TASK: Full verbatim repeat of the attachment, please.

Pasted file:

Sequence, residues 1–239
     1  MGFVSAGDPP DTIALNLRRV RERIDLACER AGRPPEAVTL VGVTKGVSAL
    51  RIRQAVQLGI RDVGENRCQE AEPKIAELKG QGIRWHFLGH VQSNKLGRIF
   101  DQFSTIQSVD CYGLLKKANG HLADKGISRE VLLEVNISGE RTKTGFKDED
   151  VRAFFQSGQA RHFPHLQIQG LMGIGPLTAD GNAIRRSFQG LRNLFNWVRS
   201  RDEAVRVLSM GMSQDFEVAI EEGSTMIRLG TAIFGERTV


Sequence, residues 1–239
     1  MGFVSAGDPP DTIALNLRRV RERIDLACER AGRPPEAVTL VGVTKGVSAL
    51  RIRQAVQLGI RDVGENRCQE AEPKIAELKG QGIRWHFLGH VQSNKLGRIF
   101  DQFSTIQSVD CYGLLKKANG HLADKGISRE VLLEVNISGE RTKTGFKDED
   151  VRAFFQSGQA RHFPHLQIQG LMGIGPLTAD GNAIRRSFQG LRNLFNWVRS
   201  RDEAVRVLSM GMSQDFEVAI EEGSTMIRLG TAIFGERTV